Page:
December 17, 2012
Sarbanes-Oxley Act of 2002
On July 30, 2002, President Bush signed into law the Sarbanes-Oxley Act of 2002. The Act-which applies in general to publicly held companies and their audit firms-dramatically affects the accounting profession and impacts not just the largest accounting firms, but any CPA actively working as an auditor of, or for, a publicly traded company. The basic implications of the Act for accountants are summarized below.
Public Company Accounting Oversight Board will Move to a different private sector regulatory structure, a new Public Company Accounting Oversight Board (the Board) will be appointed and overseen by the SEC. The Board, made up of five full-time members, will oversee and investigate the audits and auditors of public companies, and sanction both firms and individuals for violations of laws, regulations and rules.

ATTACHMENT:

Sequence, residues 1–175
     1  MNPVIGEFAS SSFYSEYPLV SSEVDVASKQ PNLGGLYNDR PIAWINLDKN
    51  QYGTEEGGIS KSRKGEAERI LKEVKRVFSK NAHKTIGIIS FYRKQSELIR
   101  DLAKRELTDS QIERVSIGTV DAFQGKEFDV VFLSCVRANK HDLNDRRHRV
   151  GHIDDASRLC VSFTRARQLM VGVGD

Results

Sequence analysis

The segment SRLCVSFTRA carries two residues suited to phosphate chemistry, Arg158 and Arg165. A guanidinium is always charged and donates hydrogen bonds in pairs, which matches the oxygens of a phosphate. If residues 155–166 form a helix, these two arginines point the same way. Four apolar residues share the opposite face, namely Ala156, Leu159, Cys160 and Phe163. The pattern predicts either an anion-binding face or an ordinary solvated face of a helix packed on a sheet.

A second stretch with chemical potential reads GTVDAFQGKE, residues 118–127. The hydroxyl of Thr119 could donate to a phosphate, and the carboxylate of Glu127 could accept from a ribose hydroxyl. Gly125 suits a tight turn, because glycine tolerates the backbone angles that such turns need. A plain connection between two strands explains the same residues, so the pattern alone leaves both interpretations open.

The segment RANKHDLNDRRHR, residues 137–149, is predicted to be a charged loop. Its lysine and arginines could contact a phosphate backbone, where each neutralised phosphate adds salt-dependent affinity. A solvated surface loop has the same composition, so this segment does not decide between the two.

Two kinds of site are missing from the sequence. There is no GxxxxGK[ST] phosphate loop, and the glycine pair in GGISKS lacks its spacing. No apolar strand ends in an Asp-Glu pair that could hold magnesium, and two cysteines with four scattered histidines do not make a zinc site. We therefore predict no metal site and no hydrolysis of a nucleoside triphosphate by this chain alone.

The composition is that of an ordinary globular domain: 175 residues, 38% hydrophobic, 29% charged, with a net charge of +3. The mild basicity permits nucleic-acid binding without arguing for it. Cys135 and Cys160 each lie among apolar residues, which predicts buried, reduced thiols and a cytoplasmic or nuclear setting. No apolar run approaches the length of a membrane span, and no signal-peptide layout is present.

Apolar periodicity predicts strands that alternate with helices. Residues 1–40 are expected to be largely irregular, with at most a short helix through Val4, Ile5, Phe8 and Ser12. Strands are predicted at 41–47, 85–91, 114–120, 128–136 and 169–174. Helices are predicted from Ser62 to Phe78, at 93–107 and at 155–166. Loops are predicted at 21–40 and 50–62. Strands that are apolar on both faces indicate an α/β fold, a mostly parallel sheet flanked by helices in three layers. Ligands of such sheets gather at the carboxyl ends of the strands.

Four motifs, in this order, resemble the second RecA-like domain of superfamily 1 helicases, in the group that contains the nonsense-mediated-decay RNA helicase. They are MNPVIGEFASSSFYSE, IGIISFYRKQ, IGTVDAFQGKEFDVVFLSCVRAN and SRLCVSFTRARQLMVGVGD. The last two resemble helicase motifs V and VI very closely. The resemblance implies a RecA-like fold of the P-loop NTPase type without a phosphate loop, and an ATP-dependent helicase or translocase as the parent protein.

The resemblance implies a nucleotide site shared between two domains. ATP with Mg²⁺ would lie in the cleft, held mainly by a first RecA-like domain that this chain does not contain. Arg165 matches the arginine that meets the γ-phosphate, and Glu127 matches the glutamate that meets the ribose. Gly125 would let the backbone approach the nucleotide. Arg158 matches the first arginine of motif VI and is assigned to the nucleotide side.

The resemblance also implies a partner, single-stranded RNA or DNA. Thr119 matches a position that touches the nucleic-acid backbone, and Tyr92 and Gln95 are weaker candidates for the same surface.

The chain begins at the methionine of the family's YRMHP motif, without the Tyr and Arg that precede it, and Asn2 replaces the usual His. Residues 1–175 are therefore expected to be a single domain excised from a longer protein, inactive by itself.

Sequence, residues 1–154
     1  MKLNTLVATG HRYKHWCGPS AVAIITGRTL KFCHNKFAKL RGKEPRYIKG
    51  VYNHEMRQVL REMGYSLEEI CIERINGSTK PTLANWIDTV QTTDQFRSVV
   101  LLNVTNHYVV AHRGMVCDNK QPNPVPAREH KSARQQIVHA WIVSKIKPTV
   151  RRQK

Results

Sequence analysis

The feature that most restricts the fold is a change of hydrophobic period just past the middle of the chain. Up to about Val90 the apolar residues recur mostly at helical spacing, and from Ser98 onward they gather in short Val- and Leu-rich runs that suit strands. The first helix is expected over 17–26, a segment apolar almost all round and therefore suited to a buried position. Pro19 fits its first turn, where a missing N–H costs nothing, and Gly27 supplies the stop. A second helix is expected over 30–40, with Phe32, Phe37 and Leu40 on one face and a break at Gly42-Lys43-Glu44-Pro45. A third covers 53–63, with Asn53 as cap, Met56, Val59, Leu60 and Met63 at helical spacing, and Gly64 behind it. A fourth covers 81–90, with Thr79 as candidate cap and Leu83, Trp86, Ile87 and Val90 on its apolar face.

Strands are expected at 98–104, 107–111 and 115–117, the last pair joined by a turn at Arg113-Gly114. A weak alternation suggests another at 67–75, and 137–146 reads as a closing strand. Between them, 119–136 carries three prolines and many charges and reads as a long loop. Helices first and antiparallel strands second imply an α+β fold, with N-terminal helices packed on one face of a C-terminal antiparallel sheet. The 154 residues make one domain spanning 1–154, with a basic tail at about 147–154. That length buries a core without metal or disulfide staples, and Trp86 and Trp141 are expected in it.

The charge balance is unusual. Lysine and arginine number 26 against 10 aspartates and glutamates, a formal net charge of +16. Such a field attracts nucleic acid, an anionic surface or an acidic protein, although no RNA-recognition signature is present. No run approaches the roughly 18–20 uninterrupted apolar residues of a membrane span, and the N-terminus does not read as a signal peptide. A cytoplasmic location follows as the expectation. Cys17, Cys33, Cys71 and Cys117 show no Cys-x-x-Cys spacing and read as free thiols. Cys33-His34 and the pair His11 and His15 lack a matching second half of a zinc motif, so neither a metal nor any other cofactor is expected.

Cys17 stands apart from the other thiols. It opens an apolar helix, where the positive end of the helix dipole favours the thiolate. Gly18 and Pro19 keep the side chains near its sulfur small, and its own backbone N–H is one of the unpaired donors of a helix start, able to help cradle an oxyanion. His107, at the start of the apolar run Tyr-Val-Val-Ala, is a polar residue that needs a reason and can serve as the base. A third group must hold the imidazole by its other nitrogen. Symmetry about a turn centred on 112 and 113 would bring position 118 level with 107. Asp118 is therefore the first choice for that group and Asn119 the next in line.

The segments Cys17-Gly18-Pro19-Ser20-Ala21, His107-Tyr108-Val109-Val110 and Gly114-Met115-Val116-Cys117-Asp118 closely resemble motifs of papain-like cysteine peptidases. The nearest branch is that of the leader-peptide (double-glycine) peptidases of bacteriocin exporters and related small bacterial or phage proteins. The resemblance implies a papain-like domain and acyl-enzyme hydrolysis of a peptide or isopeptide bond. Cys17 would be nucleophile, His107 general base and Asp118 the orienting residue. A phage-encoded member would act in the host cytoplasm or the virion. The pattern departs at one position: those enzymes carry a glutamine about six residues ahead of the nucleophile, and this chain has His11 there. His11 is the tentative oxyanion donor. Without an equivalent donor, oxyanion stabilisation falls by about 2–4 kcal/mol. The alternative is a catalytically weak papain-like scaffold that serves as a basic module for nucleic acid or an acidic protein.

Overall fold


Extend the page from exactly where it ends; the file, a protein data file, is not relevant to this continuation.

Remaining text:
The Board, made up of five full-time members, will oversee and investigate the audits and auditors of public companies, and sanction both firms and individuals for violations of laws, regulations and rules. The Board will issue standards or adopt standards to be set by other groups or organizations, for audit firm quality controls for the audits of public companies. These standards include the following auditing and related attestation, quality control, ethics, independence and "other standards necessary to protect the public interest." The Board has the authority to set and enforce audit and quality control standards for public company audits. The Board is empowered to regularly inspect registered accounting firms' operations and will investigate potential violations of securities laws, standards, competency and conduct. Sanctions may be imposed for non-cooperation, violations, or failure to supervise a partner or employee in a registered accounting firm. These include revocation or suspension of an accounting firm's registration, prohibition from auditing public companies, and imposition of civil penalties. During investigations, the Board can require